The application-manager is tested regularly on these platforms:
- Windows (single-process)
- macOS (single-process)
- Linux desktop (single-process)
- Linux desktop (multi-process)
Note: Due to the wildly varying stability of Wayland drivers, only the Intel and VMWare drivers are supported. Other drivers may work, but may also need either special QtWayland versions or specific firmware blobs for the GPU driver.
In order to build the application-manager with all its features, the following components are required:
- Qt 5.9.0 or higher.
- libyaml 1.6 or higher.
- openssl 1.0.1 or higher - Linux only. At compile time, only the headers need to be available. The needed libraries will be dynamically loaded at runtime.
- libarchive 3.0 or higher - only if you need the installer functionality.
On Debian-based systems, this command installs the three required packages:
apt-get install libyaml-dev libarchive-dev libssl-dev
Note: On platforms without
pkg-config (for example, Windows and macOS) as well as on platforms lacking one of the dependencies, the bundled versions of these libraries from the
3rdparty folder will automatically be used instead. Make sure you are aware of the licensing implications, since these bundled 3rdparty libs will be linked in as static libraries. This option is not meant for production, but for development and testing environments only.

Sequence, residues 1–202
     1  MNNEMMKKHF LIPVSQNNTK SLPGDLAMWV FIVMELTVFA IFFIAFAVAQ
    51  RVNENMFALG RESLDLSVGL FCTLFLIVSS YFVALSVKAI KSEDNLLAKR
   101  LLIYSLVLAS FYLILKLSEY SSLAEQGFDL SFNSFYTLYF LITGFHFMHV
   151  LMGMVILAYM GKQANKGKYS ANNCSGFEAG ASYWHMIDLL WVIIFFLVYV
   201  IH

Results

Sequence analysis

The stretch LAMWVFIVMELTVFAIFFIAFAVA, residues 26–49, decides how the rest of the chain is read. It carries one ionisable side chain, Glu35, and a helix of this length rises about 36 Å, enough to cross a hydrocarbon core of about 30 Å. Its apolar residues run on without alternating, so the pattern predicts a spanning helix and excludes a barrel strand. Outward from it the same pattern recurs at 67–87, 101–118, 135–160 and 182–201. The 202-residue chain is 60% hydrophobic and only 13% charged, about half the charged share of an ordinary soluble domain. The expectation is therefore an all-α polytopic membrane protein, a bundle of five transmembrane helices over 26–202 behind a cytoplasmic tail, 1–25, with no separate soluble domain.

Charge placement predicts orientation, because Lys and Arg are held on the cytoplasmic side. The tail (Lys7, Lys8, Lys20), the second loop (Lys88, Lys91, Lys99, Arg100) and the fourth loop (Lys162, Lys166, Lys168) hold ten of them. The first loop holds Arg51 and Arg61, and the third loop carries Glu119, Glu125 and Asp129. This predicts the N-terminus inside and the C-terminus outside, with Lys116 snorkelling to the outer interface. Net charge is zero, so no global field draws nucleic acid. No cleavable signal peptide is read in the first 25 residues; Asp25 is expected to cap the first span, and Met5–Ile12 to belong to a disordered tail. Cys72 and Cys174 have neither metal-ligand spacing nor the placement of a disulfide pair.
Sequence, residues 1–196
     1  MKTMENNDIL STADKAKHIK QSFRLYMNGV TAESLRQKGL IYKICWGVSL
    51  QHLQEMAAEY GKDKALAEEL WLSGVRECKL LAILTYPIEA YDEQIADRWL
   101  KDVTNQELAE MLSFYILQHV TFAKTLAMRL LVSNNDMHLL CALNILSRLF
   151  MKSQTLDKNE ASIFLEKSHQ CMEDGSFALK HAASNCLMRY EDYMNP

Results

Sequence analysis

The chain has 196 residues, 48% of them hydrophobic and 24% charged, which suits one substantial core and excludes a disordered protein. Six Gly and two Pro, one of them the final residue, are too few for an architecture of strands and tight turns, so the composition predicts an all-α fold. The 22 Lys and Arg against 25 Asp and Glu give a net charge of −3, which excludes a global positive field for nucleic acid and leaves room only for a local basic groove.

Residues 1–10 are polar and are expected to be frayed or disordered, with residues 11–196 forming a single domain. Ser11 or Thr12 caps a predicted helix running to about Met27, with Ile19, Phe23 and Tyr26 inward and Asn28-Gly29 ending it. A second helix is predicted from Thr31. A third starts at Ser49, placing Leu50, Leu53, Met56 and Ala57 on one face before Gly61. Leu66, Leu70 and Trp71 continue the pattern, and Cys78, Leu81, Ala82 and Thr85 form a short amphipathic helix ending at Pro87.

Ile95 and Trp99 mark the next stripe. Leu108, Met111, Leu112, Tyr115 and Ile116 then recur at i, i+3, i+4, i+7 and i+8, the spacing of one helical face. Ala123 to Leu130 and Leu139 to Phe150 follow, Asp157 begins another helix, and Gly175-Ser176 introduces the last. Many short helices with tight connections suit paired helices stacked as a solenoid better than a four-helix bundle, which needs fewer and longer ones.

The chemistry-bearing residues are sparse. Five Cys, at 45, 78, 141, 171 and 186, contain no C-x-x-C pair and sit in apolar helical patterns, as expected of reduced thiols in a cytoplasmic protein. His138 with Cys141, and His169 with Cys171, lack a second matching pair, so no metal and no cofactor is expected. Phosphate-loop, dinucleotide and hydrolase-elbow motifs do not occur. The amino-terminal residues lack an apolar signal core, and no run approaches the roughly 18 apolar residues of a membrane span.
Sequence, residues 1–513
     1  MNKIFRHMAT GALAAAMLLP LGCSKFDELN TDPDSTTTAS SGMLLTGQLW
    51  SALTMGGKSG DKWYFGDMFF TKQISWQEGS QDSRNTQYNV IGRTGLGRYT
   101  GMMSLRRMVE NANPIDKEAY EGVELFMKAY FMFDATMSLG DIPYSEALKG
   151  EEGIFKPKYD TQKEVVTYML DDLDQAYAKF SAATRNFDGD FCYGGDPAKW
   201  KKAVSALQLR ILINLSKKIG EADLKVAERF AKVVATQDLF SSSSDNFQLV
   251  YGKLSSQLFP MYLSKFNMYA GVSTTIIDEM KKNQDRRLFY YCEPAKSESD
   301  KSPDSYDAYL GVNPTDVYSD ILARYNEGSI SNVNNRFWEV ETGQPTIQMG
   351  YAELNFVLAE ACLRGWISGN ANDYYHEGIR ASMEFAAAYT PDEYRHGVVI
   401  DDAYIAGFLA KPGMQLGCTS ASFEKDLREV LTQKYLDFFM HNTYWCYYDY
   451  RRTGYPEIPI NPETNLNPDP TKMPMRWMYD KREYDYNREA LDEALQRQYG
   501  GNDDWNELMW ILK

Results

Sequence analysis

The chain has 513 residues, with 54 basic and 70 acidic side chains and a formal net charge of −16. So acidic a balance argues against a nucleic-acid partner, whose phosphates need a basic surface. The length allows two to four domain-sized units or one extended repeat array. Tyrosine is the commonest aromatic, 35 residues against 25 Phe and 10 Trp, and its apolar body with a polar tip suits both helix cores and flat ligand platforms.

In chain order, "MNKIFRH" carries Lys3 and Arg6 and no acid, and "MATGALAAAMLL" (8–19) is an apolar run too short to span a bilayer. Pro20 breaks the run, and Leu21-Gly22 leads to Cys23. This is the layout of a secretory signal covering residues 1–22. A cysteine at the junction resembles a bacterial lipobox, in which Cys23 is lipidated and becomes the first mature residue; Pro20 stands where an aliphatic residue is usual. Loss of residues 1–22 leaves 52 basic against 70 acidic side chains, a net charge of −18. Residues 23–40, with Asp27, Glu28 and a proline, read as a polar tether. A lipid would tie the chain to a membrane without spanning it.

Multi- vs. Single-process
By default, the application-manager always tries to build in multi-process mode, but will fallback to single-process mode, if certain dependencies are not available:
- You are building for Linux.
- The QtWayland module is available.
- The QtDBus module is available.
You can force the build mode though via the respective
force-single-process (see below).
The application-manager is using
qmake for its build-system. This means that the basic installation steps are:
qmake && make && make install
There are various options that can be given to
qmake to tailor the build to your needs:
|Force building against OpenSSL, even on Windows and Mac OS X.|
|Force building against the system libarchive.|
|Do not build against the system libarchive, even if one was detected.|
|Force building against the system libyaml.|
|Do not build against the system libyaml, even if one was detected.|
|Force a single-process build, even if Qt's Wayland |
|Force a multi-process build - this will break if Qt's Wayland |
|Enable building of all unit-tests.|
|Disable the installer part.|
|Completely disable the external D-Bus interfaces. The internal communication channel between the applications and the application-manager will still be based on a peer-to-peer D-Bus though.|
If you specify an
In addition, all binaries on Linux will get an absolute
In any case, the application-manager is a Qt module. This means that all libraries and headers are always installed into
|Paramount if you are running systemd and plan on supporting SD-Card installations. Works around systemd interfering with loopback mounts.|
|Enables support for Qt widgets. Enabling this option can be useful to enable the use of some development graphical tools using Qt widgets.|
|Compiles in |
|The hardware-id will be read from the specified |
|Enables building and linking against |
|Disables building and linking against |
The Hardware ID